Thirlepolle, thirlepoole, thirle-polle, however you spell it, it even has Google baffled. What kind of creature were they? And how did our ancestors eat them?
In short, a thirlepolle could have been either:
- a type of fish
- whales in general
- a particular type of whale
- whale meat
Our Elizabethan ancestors would have known what they were getting for dinner if told roast thirlepolle was on the menu. But within a few centuries, the exact meaning had been lost or forgotten.
The thirlepolle and the Solway
I first came across thirlepolles in an 1859 case about fishing rights on the Solway, which I was researching for my book (quick plug!), Port Carlisle, a history built on hope (see also my previous post).
The court case quoted historical texts from as far back as Edward I, and included a survey from the time of Elizabeth I:
“There is a libertye belonging to the saide Barrony of Burghe and so tyme oute of minde harthe been used, viz: that the Lord of the said manner ought to have all the Royall and principall fysshes, viz: whales, sturgeons, porposes, thirlepolles, seales, turbettes and such like, gotten of Englande syde, from that place called Skyneburne neus unto Bakkogarthe head, being about ten miles near to Carlill and therri harthe been used to be payed by the saide lord of the saide manner for the saide fysshes.”
Make of that what you will: my reactions was ‘what is/was a thirlepolle’?
The University of Michigan defines ‘thirle-polle’ (Middle English) as ‘the flesh of a whale, used as food’.
A Dictionary of Early English, however, says it was a 15th-17th century word for ‘whale’ (‘thirl’ being a hole, eg ‘nostril’ comes from ‘nose-thirl’).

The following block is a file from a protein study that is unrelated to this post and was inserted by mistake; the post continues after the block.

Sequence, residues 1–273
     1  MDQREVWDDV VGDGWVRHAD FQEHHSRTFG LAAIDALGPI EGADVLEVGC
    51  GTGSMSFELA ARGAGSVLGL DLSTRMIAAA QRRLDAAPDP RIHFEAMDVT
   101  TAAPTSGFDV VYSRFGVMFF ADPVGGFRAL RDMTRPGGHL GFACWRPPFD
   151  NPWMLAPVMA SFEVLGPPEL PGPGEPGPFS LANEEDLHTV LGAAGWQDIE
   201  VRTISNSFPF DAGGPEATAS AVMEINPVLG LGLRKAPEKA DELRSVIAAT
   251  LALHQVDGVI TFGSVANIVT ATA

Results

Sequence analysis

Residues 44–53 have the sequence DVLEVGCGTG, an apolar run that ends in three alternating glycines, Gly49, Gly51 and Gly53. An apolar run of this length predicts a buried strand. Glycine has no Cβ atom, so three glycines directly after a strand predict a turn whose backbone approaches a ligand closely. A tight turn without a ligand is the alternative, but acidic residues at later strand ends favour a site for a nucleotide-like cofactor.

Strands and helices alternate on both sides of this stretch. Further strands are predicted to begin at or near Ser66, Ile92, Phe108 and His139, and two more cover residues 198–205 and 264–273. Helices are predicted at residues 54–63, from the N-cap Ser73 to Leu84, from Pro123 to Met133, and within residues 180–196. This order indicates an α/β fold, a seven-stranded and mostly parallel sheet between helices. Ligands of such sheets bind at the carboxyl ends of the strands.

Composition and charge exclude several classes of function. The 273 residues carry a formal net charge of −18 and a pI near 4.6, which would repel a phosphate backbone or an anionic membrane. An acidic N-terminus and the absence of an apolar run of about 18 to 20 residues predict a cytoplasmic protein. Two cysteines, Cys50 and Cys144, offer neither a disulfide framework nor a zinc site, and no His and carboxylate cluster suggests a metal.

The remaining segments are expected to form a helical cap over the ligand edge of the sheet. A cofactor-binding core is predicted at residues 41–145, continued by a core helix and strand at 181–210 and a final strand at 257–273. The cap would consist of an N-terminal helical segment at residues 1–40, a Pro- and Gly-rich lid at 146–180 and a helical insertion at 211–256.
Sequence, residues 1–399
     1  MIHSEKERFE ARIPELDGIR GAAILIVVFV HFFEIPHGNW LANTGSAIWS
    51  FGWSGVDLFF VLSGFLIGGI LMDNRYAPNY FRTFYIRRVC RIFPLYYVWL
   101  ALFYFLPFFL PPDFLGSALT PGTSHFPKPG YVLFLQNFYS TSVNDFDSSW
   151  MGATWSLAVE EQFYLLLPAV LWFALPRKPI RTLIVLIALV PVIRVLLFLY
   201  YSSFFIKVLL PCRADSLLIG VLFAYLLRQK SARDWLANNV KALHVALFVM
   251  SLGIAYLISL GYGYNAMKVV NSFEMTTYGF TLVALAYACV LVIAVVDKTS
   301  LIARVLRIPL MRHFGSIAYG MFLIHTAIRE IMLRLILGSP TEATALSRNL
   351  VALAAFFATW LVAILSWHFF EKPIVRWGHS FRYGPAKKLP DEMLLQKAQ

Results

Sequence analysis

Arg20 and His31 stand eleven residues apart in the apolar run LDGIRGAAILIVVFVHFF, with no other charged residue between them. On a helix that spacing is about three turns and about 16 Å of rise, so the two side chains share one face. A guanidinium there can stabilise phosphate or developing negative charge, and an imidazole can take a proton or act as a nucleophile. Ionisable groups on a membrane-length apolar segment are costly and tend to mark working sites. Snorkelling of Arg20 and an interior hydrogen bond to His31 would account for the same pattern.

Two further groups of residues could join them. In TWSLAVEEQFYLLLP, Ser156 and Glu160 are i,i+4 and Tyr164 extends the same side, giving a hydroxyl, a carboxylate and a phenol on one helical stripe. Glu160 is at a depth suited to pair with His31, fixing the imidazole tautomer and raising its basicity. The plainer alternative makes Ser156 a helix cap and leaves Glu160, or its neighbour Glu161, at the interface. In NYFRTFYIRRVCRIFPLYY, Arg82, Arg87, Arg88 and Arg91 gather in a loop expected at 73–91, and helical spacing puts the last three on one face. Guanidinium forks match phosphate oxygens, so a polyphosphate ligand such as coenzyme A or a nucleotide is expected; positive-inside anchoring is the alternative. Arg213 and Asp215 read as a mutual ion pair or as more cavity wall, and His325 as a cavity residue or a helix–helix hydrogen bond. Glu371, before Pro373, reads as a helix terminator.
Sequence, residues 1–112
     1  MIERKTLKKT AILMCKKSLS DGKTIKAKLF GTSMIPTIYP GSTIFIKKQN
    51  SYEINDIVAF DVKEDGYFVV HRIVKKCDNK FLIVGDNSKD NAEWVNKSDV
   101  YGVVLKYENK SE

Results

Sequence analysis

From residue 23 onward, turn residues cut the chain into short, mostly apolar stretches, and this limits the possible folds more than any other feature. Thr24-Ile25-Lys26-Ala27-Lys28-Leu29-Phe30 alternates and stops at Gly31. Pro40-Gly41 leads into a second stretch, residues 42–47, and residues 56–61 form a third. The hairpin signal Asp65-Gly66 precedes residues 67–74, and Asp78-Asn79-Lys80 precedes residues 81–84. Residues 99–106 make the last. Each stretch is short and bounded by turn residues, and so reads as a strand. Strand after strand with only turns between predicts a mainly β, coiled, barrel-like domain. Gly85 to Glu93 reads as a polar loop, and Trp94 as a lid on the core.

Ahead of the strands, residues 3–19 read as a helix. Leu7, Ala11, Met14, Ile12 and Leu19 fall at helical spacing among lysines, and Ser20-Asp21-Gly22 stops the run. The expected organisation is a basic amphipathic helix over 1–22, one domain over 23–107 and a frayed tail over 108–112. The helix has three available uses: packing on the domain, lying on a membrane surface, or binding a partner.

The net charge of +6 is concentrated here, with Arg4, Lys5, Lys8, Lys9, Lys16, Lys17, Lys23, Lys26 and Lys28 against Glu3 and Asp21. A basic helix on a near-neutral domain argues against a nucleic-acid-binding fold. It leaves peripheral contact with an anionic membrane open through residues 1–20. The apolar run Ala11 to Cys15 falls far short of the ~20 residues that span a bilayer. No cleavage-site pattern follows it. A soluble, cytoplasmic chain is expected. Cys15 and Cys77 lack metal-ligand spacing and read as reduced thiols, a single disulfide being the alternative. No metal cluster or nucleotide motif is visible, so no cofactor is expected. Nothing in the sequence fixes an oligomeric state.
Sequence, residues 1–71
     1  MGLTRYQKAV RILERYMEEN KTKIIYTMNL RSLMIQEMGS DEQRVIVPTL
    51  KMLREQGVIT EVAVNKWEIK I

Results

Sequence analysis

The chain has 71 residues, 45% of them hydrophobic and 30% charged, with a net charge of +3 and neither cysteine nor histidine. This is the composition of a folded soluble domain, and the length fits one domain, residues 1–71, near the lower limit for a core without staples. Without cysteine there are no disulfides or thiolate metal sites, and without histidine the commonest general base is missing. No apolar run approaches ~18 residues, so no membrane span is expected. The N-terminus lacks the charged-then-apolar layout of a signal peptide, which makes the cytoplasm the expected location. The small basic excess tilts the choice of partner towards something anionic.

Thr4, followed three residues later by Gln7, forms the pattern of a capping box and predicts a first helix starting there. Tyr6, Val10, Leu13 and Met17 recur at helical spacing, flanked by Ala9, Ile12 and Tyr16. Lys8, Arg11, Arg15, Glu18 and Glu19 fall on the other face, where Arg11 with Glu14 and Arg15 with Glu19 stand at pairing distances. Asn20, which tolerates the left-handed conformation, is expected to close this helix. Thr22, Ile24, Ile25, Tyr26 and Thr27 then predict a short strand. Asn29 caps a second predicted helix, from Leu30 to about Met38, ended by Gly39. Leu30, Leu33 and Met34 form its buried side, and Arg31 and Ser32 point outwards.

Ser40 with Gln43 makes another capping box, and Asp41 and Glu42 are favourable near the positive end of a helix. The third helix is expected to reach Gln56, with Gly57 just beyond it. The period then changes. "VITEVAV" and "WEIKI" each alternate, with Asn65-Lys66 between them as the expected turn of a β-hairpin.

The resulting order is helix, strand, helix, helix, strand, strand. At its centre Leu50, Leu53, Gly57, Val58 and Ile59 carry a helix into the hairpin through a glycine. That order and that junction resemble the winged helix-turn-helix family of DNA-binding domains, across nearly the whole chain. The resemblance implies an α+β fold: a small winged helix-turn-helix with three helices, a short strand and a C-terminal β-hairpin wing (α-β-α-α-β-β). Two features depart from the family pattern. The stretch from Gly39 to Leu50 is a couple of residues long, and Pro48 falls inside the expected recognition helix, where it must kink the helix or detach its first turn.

There is a big ‘however’
Neither seems to account for whales AND thirlepolles being mentioned together, as in the Elizabethan survey I quoted at the start.
The annotator of Description of England, the Classic Contemporary Account of Tudor Social Life defines thirlepolles as ‘a species of whale’.
This is based upon William Harrison’s description of various kinds of fish, which continues ‘…the seal, the dolphin, the porpoise, the thirlepoole (sic), whale and whatsoever is round of body’.
William distinguishes thirlepolles from whales, so the two were not synonymous.
The 1723 History of the Ancient Abbeys, Monasteries, Hospitals. Cathedrals, and Collegiate Churches has a menu list of a great feast from the time of Edward IV. The occasion was the enthronement, in 1465 of George Neville as Archbiship of York and Chancellor of England,
There were a great many courses, each with a great many dishes. Including in the third course, ‘thirlpoole baked’.
(The second course included roast curlew, and ‘a dragon, a suttletie’. The guests also chomped their way through something like 2,000 chickens, 1,000 sheep, 400 herons, and when they’d finished eating every bird, fish and farm animal for miles around, had 4,000 baked tarts and 2,000 hot custards).
In 1791, the Reverend Richard Warner recorded the details of the same feast in his Antiquitates Culinariae, though he had the thirpolles as being roasted.
The Boke of Kervynge is a 1508 cookery book (printed by Wynken de Worde) which includes a long list of terms for carving, some of them suggesting sadistic pleasure: ‘dysmember that heron; disfygure that peacock’.
suggests thirlpolles should be cut in the dish, the same way as the porpoise.
The 1815 Encyclopedia Britannica defines thirlepolles as ‘a fish, unknown at present’.
And Manipulus Vocabulorum, an 1867 dictionary, also defines thirlpoole (sic) as ‘a fish’.
Which suggests an alternative to whales. Elizabethans may have counted whales as fish, but Georgians and Victorians didn’t classify thirlepolles as whales, but ‘unknown fish’.
So, the thirlepolle was..?
So there you have it. Or rather, there you don’t. An idea of what thirlepolles may have been, but no definitive answer.
As to whether they were ever seen or caught in the Solway, who knows?!